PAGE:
MAVIS: Let’s talk About Porphyria

Better Conversations, Better Experience & Better Outcomes using a virtual assistant


Alana Adams, Principal Pharmacist Medicines Information and Advice


Cardiff and Vale University Health Board

with Meridian IT

Background


Porphyria is a rare disorder and this leads to a lack of awareness and understanding in the majority of clinicians. Specialists in the condition within the UK are few. In the acute forms of porphyria, drug administration can lead to severe side effects which may lead to hospitalisation. Avoiding only those medicines known to be safe becomes a lifelong determination for the patient with porphyria and any clinician looking after them.


Although advice is provided by the United Kingdom Porphyria Information Service (UKPMIS), advise is also sought by individuals from a variety of sources including the British Porphyria Association, other patients, facebook, porphyria specialists, internet

Providing timely, consistent and accurate information has direct links to treatment outcomes. Greater provision of information also has additional benefits of reducing anxiety. However, the demand for information may not be fully met based on the way the NHS currently provides services.


Porphyria patients have consistently been reported to desire detailed information about treatment, prognosis and side effects related to their diagnosis. However, many patients can leave consultations confused and unsure, due to challenges in communication between themselves and their clinician or an in-ability to recall information provided to them. Clinicians may overestimate the quality of their communication whilst underestimating patient’s desire for information. Combined with use of technical jargon, many patients report issues understanding the information they are given.


Frequently asked questions in the porphyria care setting that are directly amenable to machine leaning methods. Automation, helps to standardize care processes, improving outcomes and lowering the total cost of care.


Cardiff and Vale University NHS Trust run a nationally designated porphyria service as part of specialised services for the UK. The small groups of patients that access services through Cardiff, their carers and families have many questions about managing their condition and these questions are currently handled through clinical outpatients and a designated pharmacy call line managed by Cardiff and Vale.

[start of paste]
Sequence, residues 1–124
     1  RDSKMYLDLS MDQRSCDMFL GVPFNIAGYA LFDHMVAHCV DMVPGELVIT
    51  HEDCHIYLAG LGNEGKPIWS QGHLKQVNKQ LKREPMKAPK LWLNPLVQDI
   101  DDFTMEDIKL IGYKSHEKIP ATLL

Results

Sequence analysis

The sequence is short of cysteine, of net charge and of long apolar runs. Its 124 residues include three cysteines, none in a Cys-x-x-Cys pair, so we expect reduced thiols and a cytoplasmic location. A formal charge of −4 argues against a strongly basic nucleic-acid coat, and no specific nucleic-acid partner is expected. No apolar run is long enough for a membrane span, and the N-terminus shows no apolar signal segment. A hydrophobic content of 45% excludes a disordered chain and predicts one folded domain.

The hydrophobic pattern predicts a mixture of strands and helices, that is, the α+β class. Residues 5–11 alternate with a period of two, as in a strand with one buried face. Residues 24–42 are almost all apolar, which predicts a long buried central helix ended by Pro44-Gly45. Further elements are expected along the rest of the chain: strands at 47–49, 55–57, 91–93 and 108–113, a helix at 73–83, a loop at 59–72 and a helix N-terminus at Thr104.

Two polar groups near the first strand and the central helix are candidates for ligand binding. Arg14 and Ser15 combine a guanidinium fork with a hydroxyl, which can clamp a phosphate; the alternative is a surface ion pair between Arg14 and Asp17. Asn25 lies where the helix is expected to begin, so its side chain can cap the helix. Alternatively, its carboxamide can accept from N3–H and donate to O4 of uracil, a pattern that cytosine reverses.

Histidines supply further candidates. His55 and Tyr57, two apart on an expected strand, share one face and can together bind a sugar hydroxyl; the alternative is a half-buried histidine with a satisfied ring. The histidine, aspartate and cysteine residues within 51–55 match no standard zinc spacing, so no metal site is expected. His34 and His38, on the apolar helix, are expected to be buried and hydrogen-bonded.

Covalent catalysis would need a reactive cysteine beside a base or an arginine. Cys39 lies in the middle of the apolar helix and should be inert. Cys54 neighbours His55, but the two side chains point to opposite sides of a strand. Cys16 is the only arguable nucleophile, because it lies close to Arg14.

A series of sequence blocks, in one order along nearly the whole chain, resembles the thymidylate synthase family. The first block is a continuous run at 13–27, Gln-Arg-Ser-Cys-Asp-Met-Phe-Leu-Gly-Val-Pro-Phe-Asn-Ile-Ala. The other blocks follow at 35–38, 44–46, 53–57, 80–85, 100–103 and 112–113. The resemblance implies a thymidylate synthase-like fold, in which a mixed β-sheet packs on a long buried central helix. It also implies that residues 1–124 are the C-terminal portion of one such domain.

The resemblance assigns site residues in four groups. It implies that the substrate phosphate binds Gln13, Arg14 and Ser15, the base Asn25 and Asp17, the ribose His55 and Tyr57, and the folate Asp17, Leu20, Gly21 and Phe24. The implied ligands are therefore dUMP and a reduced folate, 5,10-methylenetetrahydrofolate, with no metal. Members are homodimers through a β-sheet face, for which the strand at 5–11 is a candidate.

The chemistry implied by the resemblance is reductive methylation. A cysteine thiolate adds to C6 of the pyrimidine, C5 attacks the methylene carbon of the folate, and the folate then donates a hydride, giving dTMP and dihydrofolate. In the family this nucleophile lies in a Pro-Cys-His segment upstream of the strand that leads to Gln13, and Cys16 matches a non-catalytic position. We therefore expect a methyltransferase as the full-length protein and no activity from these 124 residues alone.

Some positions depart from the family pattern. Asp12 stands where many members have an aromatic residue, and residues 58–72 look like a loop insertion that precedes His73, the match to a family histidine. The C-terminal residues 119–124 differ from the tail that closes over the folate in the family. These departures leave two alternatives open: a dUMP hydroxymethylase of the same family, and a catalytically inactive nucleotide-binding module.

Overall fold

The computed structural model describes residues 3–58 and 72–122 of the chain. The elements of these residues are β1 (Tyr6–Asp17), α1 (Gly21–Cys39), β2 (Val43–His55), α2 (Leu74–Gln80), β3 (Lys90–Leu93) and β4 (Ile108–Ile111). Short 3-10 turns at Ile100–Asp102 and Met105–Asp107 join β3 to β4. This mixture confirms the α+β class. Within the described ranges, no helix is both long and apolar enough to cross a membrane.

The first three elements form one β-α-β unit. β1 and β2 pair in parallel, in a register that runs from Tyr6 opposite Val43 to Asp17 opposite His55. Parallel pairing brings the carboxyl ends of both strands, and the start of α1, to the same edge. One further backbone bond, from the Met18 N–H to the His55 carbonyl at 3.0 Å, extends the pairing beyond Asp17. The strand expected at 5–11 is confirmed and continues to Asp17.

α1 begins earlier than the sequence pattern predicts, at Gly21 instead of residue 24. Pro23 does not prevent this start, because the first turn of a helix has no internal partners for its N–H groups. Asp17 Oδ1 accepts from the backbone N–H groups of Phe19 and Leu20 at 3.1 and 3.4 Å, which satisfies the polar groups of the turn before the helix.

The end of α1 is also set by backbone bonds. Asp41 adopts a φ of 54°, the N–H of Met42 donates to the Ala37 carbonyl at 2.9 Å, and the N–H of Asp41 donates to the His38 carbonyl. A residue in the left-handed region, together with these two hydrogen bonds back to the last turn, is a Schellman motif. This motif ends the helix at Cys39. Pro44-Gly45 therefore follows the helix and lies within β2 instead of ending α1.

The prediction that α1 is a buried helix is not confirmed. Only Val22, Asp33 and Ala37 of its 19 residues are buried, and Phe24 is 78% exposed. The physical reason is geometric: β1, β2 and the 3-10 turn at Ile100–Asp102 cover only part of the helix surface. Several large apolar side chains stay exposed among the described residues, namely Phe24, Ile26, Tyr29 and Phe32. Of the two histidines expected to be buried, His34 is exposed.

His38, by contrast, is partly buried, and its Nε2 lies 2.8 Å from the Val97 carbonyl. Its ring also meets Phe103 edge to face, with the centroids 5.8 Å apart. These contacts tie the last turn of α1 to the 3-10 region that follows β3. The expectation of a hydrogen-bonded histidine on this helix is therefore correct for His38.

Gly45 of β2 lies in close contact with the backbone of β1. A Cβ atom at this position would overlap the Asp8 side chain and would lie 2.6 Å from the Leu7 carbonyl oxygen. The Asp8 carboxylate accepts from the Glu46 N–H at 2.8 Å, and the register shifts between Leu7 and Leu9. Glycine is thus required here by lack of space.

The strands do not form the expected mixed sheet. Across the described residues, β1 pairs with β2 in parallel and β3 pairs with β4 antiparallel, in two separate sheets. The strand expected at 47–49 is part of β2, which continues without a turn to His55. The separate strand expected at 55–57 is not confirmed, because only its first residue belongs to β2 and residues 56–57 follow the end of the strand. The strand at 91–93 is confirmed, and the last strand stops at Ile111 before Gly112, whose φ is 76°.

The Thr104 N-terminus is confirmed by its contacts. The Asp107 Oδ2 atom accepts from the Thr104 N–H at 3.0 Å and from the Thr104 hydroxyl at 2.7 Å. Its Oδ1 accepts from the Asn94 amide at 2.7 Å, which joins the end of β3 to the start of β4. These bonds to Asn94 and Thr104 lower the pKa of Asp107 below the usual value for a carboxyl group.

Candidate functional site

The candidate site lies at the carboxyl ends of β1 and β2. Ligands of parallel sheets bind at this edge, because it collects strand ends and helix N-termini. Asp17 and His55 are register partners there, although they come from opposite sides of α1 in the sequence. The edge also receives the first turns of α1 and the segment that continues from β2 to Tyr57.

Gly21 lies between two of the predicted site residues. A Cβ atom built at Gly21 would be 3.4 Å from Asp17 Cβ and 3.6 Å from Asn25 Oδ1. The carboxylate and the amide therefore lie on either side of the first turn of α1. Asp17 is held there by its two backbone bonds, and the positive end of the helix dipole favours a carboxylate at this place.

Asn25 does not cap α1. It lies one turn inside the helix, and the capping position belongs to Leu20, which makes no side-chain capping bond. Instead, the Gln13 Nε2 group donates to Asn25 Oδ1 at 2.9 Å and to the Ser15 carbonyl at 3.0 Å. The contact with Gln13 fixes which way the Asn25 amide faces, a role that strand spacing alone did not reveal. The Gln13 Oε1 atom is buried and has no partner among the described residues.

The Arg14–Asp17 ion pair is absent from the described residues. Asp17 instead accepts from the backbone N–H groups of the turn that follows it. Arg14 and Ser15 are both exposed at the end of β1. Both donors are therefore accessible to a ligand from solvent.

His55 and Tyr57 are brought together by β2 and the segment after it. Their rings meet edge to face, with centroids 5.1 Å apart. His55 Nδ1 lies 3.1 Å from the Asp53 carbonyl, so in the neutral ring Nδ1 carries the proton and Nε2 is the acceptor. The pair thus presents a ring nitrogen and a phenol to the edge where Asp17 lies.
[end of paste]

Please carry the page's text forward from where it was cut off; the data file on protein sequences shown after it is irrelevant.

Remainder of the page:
Project Aims


We propose to use MAVIS (Medicines Advice Via Information Systems) as a platform to train her AI to talk about Porphyria.


  • Proof of concept to see if a pre-existing platform (RiTTa) could be trained to successfully deliver a virtual service in another specialist area.

  • Using patient focus groups, identify suitable content for the virtual assistant

  • Pilot the system for three months with users of the existing service.

  • Capture the information on the value generated


Challenges

This is a relatively new innovation in healthcare and as a result there is no strategy for the use of Artificial Intelligence (AI) and there is a lack of expertise. For newcomers a different set of skills are required even down to a requirement to learn and understand a new set of technological language.

"It looks to be a very valuable resource" Chair, British Porphyria Association (BPA)

Next Steps

There is a great deal of interest in MAVIS from the British Porphyria Association and the plan is to bid for funding to develop MAVIS further.

Bevan Exemplar Showcase 2021

Acknowledgements


Dr Aura Frizzati

Kathleen Withers

Cedar

Healthcare Technology Research Centre


Dr Phil Webb

Dr Phil Webb

Head of Value Based Healthcare

Artificial Intelligence SIG Welsh Gov

CTM University Health Board